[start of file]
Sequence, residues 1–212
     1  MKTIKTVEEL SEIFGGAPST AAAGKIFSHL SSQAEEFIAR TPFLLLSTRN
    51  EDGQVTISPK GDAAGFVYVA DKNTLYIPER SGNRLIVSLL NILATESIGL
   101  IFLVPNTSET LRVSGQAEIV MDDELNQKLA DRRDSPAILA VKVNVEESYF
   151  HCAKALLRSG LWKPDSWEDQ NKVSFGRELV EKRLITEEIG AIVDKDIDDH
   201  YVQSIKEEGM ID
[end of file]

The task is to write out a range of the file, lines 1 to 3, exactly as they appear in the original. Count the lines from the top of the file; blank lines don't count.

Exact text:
Sequence, residues 1–212
     1  MKTIKTVEEL SEIFGGAPST AAAGKIFSHL SSQAEEFIAR TPFLLLSTRN
    51  EDGQVTISPK GDAAGFVYVA DKNTLYIPER SGNRLIVSLL NILATESIGL